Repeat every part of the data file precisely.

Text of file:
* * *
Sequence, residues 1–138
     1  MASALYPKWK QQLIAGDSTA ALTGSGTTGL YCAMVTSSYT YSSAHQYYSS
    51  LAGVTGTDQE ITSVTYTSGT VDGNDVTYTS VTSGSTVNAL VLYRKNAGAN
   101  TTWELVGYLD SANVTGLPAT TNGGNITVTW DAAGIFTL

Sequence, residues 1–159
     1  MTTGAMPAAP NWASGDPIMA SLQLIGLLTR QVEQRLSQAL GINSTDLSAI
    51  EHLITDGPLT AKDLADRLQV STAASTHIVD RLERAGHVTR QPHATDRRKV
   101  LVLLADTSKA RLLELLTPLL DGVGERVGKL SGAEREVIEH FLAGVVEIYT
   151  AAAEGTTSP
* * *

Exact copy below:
Sequence, residues 1–138
     1  MASALYPKWK QQLIAGDSTA ALTGSGTTGL YCAMVTSSYT YSSAHQYYSS
    51  LAGVTGTDQE ITSVTYTSGT VDGNDVTYTS VTSGSTVNAL VLYRKNAGAN
   101  TTWELVGYLD SANVTGLPAT TNGGNITVTW DAAGIFTL

Sequence, residues 1–159
     1  MTTGAMPAAP NWASGDPIMA SLQLIGLLTR QVEQRLSQAL GINSTDLSAI
    51  EHLITDGPLT AKDLADRLQV STAASTHIVD RLERAGHVTR QPHATDRRKV
   101  LVLLADTSKA RLLELLTPLL DGVGERVGKL SGAEREVIEH FLAGVVEIYT
   151  AAAEGTTSP